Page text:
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Lawyer for Tornado Cash dev Alexey Pertsev sees hope in Chainalysis data at heart of Dutch case

Lawyer for Tornado Cash dev Alexey Pertsev sees hope in Chainalysis data at heart of Dutch case
Tornado Cash developer Alexey Pertsev was released from house arrest within national borders under GPS monitoring.
  • Chainalysis will have to answer questions about its Tornado Cash data ahead of the trial against developer Alexey Pertsev
  • A request to probe talks between Dutch and US authorities was declined by the court
  • Pertsev faces money-laundering charges in the city of Den Bosch

Tornado Cash developer Alexey Pertsev faced a Dutch hearing today, where his trial for money laundering was pushed into at least next year.

But Keith Cheng, Pertsev’s lawyer, said one outcome of the hearing was a win.

The foundations for Dutch prosecutors’ case against Pertsev is based on data from blockchain analytics firm Chainalysis. The Dutch court approved today Cheng’s request to dig deeper into that data, enabling the defence team to ask Chainalysis for information about how it reached its conclusions.

Chainalysis will now have to answer questions about how it crunched its numbers relating to Tornado Cash.

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It’s a window of hope for Pertsev’s defence, Cheng said.

“The main point was the data from Chainalysis, so I’m happy with that,” he told DL News outside the courtroom on Wednesday.

Dutch authorities have accused Pertsev of laundering money through Tornado Cash, which obscures crypto transaction histories. The court, in the city of Den Bosch where the case against Pertsev is starting to take shape, said that Pertsev will not stand trial to face the charges until 2024, due to a backlog clogging up the court’s schedule.

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Through the judge, Cheng can start asking Chainalysis several rounds of questions, if needed. Should he need more clarity, a representative may be asked to speak at the next court session in September.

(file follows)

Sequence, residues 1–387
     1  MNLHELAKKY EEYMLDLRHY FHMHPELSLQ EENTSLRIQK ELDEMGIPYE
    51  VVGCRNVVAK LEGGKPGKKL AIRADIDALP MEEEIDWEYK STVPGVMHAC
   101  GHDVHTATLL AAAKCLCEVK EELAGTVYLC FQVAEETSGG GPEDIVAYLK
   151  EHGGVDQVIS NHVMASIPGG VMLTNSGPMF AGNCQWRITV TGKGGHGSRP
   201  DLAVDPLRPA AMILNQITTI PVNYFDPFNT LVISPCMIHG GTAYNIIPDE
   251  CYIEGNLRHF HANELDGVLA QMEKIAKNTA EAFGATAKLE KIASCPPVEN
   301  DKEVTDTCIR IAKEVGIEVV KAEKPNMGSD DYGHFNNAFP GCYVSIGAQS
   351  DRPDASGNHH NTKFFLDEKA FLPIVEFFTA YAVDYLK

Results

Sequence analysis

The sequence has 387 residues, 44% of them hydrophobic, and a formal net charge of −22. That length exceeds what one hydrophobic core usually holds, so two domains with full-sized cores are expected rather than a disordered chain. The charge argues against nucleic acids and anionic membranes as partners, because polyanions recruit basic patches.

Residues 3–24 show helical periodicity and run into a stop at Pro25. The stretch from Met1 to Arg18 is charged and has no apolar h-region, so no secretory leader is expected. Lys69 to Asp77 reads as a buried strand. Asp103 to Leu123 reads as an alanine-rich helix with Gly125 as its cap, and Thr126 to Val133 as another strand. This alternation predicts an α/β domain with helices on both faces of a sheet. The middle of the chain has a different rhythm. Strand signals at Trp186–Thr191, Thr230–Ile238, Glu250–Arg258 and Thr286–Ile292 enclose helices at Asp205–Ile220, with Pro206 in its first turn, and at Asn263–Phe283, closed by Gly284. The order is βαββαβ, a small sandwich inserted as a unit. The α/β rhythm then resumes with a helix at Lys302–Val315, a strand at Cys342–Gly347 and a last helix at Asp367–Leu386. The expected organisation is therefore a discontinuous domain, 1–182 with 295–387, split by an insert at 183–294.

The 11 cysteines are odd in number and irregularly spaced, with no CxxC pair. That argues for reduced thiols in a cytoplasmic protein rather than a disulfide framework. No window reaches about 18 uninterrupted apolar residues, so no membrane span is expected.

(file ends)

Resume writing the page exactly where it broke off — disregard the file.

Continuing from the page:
“Thanks for reaching out but we have nothing to share here,” a Chainalysis spokesperson told DL News.

‘If that’s the basis of why they arrested my client, I definitely want to know what was provided by the US and talked about before’

—  Keith Cheng

Cheng had less luck with his request to find out more about the communication between US agencies — like the FBI, the IRS Criminal Investigation and the Department of Justice — and Dutch authorities surrounding Pertsev’s arrest in August, days after the US Treasury sanctioned the decentralised crypto mixer.

The court documents did not reveal any details on what was discussed and when.

“If that’s the basis of why they arrested my client, I definitely want to know what was provided by the US and talked about before,” Cheng said.

The court declined the lawyer’s request to get hands on more details about the US-Dutch dialogue, but the defence will still be able to make a related request by 30 August.

NOW READ: Tornado Cash developer’s trial pushed to next year as ‘worried’ tech contributors seek clarity

Cheng’s main job now is to “follow the crypto,” as prosecutors have not sufficiently shown an incriminating flow of funds on Tornado Cash, he said. Another request the court approved was for The Fiscal Information and Investigation Service to map the hacks on the Tornado Cash network.

“Then we can see if my client knew or should have known about it,” Cheng said. “But at this moment, we don’t even know what the route the crypto from the hack took.”

Pertsev, who was released from his eight-month detention in April, will be freed from his house arrest while he continues wearing GPS-monitoring. At least, until his next court session scheduled for 13 September.

Instead, he will be prohibited from approaching Dutch borders and airports. The fact that he lives notably close to Amsterdam’s airport will be taken into account.

NOW READ: Code is not speech: ‘Wild theories’ won’t protect DeFi developer Alexey Pertsev

The charges against Tornado Cash created a “chilling effect” in the open source community around the world, Electronic Frontiers Foundation executive director Cindy Cohn told DL News.

She said she is frustrated over prosecutors’ failure to provide “clarity to the millions of people around the world who are worried that they might actually be at risk” because of their contribution to other open-source projects.

For many privacy advocates, the case represents a breach of freedom of expression in the form of code. This sparks a debate on how software developers may be liable if their code is used for malicious intent.

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